Figurative language moves away from literal language to add extra meaning, color, or dimension to a text.
Wilde uses a good deal of figurative language in this children's story.
Wilde is best known as a humorist, and he can't resist tossing a funny line into his story. Here, he creates humor through the use of oxymoron. An oxymoron occurs when two opposing words or ideas are put together. In the following sentence, Wilde puts together the idea of talking for a long period of time, seven years, with the opposing idea that the giant has little to say:
"After the seven years were over he had said all that he had to say, for his conversation was limited . . ."
Wilde also uses juxtaposition in his description of the beautiful, inviting garden with its "delicate" pink and pearl flowers. He juxtaposes that against the road, the only other place the children have to play. In contrast to the garden, the road is dusty and filled with "hard stones."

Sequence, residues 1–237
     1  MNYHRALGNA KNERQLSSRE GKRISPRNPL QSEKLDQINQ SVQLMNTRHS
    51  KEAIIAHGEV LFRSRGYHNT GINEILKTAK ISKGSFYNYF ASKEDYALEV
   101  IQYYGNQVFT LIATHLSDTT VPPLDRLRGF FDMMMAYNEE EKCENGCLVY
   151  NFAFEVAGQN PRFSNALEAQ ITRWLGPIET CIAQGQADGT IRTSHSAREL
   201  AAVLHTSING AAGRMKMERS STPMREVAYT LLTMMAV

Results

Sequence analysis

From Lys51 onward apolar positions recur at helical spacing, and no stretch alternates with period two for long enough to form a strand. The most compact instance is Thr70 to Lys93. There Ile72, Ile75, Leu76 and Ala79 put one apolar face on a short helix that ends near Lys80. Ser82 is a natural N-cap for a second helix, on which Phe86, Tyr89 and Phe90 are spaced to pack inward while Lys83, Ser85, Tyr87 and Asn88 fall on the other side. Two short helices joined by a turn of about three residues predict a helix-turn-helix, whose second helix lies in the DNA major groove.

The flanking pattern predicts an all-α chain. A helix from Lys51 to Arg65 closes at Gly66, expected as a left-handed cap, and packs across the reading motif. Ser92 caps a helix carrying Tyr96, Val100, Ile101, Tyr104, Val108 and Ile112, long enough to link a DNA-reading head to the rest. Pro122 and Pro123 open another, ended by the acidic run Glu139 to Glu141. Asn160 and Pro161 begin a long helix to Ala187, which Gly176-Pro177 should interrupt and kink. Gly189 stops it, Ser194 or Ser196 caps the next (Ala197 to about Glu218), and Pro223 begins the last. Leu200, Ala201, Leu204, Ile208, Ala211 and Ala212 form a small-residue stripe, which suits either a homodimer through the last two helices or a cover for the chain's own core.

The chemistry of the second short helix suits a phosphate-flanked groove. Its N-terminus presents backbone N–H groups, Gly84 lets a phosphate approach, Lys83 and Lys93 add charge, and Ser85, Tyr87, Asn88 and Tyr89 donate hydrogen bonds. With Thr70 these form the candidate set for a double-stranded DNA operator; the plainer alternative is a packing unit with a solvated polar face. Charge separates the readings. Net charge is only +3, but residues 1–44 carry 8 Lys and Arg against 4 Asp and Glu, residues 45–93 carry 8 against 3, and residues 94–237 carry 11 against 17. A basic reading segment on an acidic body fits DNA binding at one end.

Wilde frequently uses metaphor, a form of comparison that does not use "like" or "as." For example, Snow "covered up the grass with her great white cloak." In this example, the snow that falls on the ground is compared to a white cloak.
The story makes ample use of personification, which is assigning human attributes to inanimate or non-human items: Snow, for example, is personified as a person. So is the North Wind. He is depicted as wearing gray and as a mischievous, high energy fellow. Through "rattling," he breaks most of the castle roof's slates, and he runs round and round.
The story uses symbolism to show that without children playing in it, the garden is dead. Here lacking children to bring life, spring, which symbolizes life, doesn't come to the garden. Only when the children return does spring reappear.
At the end of the story, we realizes that Wilde has used Christian allegory, or hidden meaning, when the little boy who wanted to be put in the tree turns out to be Jesus, and the tree turns out to be the cross.